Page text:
Like khalafah, umma, jihad and shahadat, takfir has attained a wide currency in modern day Muslim discourse. For analysts, takfir has a peculiar specificity, especially when referring to modern day proponents of revivalist Islam.
Takfir denotes excommunication or declaration of a person or group of people to be non-Muslim. Although the instances of takfir can be gleaned from the early history of Muslims, it started featuring regularly in the Muslim discourse since the last quarter of the 19th century.
Deobandi clerics were at the centre of the trend of issuing takfiri fatwas. Though not a takfiri treatise as such, Rashid Gangohi’s Hadayatush Shia (Advice to the Shia) is the first published account where one can detect its sign. A Deobandi cleric, Abdul Shakoor Lukhnavi, not only built his career on denouncing Shias but left behind a strong legacy.
For the last three decades or so, Shia Muslims have been the principal subject of takfir, which has been practised not only in Pakistan and Afghanistan but in much of the Middle Eastern region. Western academics, specialising in Islam, seem to be quite curious about the conceptual underpinnings of this practice and its intellectual genealogy.
In the mainstream classical version of Sunni Islam, takfir has been considered as a source of fitna (dissention). To denounce someone as kafir meant pre-empting Allah’s judgement.
Of late, Sunni clerics have embarked on the takfiri path, rejecting components of society, culture and law in Muslim countries, which many of them consider have slipped back into a pre-Islamic state of jahiliyya.
Ironically, because of the tenuous relationship between the concepts of political Islam and nation-state, proponents of takfir often espouse militancy against their own state and its people.
So far as the genealogy of takfir is concerned, one has to go back in history to the breakaway faction of the Kharijites, in the wake of the battle of Siffin in 657 AD between Hazrat Ali and Amir Muawiya. However, takfir was deployed by Taqi al-Din Ibn Taymiyyah, who declared the new converts, the Mongols, as kafirs because their enforcement of the ‘manmade’ Yassa law in place of Islamic Shariah reversed their conversion, rendering them apostate.
Interestingly, in that fatwa he referred to the breakaway of the Kharijites. Thus it became obligatory to wage war against them. The political leadership acted on this fatwa, establishing a valuable precedent for Islamic radicals centuries later.
The 18th century Islamic puritan Muhammad Ibn Abd al-Wahab, Ibn Taymiyyah’s legatee, came up with an interpretation which allowed him to fight against fellow Muslims.
Ibn Wahab categorically denounced many mainstream Muslim traditions (like Sufism) as bid’a (innovation) and his disciples slew many Muslims for allegedly practising kufr. The current spate of sectarian killings, premised on takfir, is a product of these centuries-old fatwas, which had until recently remained peripheral. That trend became apparent in the writing of the exponents of Islamism like Abul Ala Maududi and Sayyid Qutb who had a tangible rub on several takfiri groups in recent years.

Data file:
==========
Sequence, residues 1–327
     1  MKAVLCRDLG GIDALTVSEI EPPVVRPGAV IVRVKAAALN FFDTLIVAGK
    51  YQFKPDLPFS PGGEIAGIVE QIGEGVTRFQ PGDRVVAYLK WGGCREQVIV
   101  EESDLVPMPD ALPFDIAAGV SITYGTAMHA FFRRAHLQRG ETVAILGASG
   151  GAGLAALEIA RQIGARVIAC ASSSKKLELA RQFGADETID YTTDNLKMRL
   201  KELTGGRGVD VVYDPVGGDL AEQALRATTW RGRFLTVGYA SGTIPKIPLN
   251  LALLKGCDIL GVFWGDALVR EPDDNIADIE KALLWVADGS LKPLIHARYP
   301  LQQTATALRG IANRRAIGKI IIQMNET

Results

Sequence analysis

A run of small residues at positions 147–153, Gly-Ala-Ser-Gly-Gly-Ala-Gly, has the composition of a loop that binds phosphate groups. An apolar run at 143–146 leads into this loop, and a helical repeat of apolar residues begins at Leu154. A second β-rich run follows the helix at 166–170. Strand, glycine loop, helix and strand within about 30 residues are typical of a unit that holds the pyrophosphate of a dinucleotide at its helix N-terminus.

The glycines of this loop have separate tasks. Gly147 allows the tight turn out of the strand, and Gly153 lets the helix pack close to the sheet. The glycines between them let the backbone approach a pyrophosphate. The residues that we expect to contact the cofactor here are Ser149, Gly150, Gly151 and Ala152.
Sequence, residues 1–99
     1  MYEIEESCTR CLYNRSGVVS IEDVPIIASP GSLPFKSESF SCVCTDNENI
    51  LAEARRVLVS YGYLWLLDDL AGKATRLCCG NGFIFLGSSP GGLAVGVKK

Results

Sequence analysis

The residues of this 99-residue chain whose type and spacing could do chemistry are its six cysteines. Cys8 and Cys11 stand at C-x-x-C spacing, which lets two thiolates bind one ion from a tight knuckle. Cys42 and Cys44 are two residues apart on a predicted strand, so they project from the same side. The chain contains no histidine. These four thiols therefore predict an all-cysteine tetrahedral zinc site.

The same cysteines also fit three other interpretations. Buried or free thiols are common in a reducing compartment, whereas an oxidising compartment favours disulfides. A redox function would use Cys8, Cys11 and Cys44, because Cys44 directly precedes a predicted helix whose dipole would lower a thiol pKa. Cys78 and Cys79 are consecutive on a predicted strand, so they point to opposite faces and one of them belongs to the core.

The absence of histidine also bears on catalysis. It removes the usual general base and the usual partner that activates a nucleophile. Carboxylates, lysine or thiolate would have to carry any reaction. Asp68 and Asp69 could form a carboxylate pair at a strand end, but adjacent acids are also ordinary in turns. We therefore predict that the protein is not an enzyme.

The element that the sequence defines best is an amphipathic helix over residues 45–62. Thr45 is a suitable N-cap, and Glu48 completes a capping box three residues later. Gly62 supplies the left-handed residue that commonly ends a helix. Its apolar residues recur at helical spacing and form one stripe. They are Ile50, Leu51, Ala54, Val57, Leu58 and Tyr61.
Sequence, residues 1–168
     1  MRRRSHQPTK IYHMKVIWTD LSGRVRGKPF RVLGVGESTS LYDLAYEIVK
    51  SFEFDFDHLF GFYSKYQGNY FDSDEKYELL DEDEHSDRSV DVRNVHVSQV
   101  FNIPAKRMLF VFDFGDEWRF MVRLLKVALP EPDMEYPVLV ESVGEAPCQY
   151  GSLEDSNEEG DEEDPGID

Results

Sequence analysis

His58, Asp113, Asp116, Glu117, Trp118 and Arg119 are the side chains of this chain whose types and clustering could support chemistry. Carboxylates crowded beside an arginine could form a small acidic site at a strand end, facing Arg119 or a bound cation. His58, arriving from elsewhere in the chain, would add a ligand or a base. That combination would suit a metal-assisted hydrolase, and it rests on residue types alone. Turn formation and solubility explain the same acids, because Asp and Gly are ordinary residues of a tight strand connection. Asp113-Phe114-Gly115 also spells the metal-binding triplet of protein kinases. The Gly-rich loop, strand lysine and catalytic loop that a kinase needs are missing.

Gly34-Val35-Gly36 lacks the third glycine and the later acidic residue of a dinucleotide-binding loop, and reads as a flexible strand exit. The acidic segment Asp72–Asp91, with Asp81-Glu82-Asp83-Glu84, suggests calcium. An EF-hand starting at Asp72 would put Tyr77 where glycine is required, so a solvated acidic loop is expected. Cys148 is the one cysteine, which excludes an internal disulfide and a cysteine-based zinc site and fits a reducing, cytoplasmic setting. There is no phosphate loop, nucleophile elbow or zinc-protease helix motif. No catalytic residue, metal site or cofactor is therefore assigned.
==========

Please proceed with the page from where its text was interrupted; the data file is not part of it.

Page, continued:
One such group is Takfir wal Hijra (TwH), a takfiri Salafi group, founded by Shukri Mustafa when he fell out with the Egypt-based organisation, Ikhwan al Muslimun in 1971. The current head of al-Qaeda, Ayman al-Zawahiri is believed to have been a member of TwH. Its strategy was to isolate from the general society while building strength for a planned uprising. That was in fact in conjunction with the teachings of Qutb, who enjoined that the nascent Islamic jama’at needed to set itself apart from the society. However, he vaguely stated that some contact should be maintained.
But that strategy did not bear any worthwhile fruit. Consequently, TwH had a further split in its ranks, and Abdus Salam Faraj formed his own group by the name of al-Jihad.
Faraj was of the view that the TwH’s isolation during the ‘period of weakness’ was a cowardly act to avoid the obligation of jihad. Al-Jihad opted to infiltrate the state apparatus to make it implode. This model could not yield desired result because the necessary aspect of training the human resource and strengthening the organisation was not taken into account.
Al-Qaeda under Zawahiri morphed these competing models. The outcome of that synthesis called for, in the absence of an Islamic state, a geographical location where the Muslim community can migrate (hijra) such as Afghan training camps in Fata (Pakistan), Northern Iraq or Afghanistan. That model accredited to the genius of Zawahiri does not prescribe a prolonged period of inactivity. It rather prefers alternating periods of hijra with periods of coexistence and infiltration with the outside world which is a brilliant ideological synthesis of the strategies of TwH and al-Jihad.
Takfir remained their crucial ploy for legitimising their act of violence. That is the context in which the current upsurge of the Salafi Jihadist came about in Pakistan and Afghanistan with a strong support base in Middle East. Their constant mobility and motivation makes it into a daunting task for any nation-state to pin them down.
Having said that, one must not forget that the existence of such groups, like ISIS, Islamic Movement of Uzbekistan or some other splinter groups of al-Qaeda, will sustain themselves only at our peril.